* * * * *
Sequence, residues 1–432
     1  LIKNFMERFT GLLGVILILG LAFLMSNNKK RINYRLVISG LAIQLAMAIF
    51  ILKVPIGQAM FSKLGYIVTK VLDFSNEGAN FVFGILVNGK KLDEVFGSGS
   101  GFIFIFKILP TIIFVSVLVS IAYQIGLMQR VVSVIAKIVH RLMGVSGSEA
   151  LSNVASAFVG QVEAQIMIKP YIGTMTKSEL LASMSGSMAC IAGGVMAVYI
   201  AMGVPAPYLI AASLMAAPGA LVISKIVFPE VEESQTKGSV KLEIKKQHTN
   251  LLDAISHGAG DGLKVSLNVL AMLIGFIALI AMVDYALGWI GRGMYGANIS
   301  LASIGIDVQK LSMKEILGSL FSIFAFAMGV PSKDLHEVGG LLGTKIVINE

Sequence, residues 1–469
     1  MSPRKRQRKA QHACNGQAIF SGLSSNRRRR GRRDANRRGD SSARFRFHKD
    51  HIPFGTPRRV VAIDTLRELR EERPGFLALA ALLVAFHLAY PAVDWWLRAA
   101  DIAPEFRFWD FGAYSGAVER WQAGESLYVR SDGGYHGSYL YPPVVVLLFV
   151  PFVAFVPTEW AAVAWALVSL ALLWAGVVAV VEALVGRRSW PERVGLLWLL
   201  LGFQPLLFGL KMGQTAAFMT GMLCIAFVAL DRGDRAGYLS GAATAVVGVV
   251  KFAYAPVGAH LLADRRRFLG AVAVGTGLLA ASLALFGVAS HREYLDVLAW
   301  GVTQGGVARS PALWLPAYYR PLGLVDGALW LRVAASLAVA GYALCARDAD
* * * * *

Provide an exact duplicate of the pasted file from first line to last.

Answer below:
Sequence, residues 1–432
     1  LIKNFMERFT GLLGVILILG LAFLMSNNKK RINYRLVISG LAIQLAMAIF
    51  ILKVPIGQAM FSKLGYIVTK VLDFSNEGAN FVFGILVNGK KLDEVFGSGS
   101  GFIFIFKILP TIIFVSVLVS IAYQIGLMQR VVSVIAKIVH RLMGVSGSEA
   151  LSNVASAFVG QVEAQIMIKP YIGTMTKSEL LASMSGSMAC IAGGVMAVYI
   201  AMGVPAPYLI AASLMAAPGA LVISKIVFPE VEESQTKGSV KLEIKKQHTN
   251  LLDAISHGAG DGLKVSLNVL AMLIGFIALI AMVDYALGWI GRGMYGANIS
   301  LASIGIDVQK LSMKEILGSL FSIFAFAMGV PSKDLHEVGG LLGTKIVINE

Sequence, residues 1–469
     1  MSPRKRQRKA QHACNGQAIF SGLSSNRRRR GRRDANRRGD SSARFRFHKD
    51  HIPFGTPRRV VAIDTLRELR EERPGFLALA ALLVAFHLAY PAVDWWLRAA
   101  DIAPEFRFWD FGAYSGAVER WQAGESLYVR SDGGYHGSYL YPPVVVLLFV
   151  PFVAFVPTEW AAVAWALVSL ALLWAGVVAV VEALVGRRSW PERVGLLWLL
   201  LGFQPLLFGL KMGQTAAFMT GMLCIAFVAL DRGDRAGYLS GAATAVVGVV
   251  KFAYAPVGAH LLADRRRFLG AVAVGTGLLA ASLALFGVAS HREYLDVLAW
   301  GVTQGGVARS PALWLPAYYR PLGLVDGALW LRVAASLAVA GYALCARDAD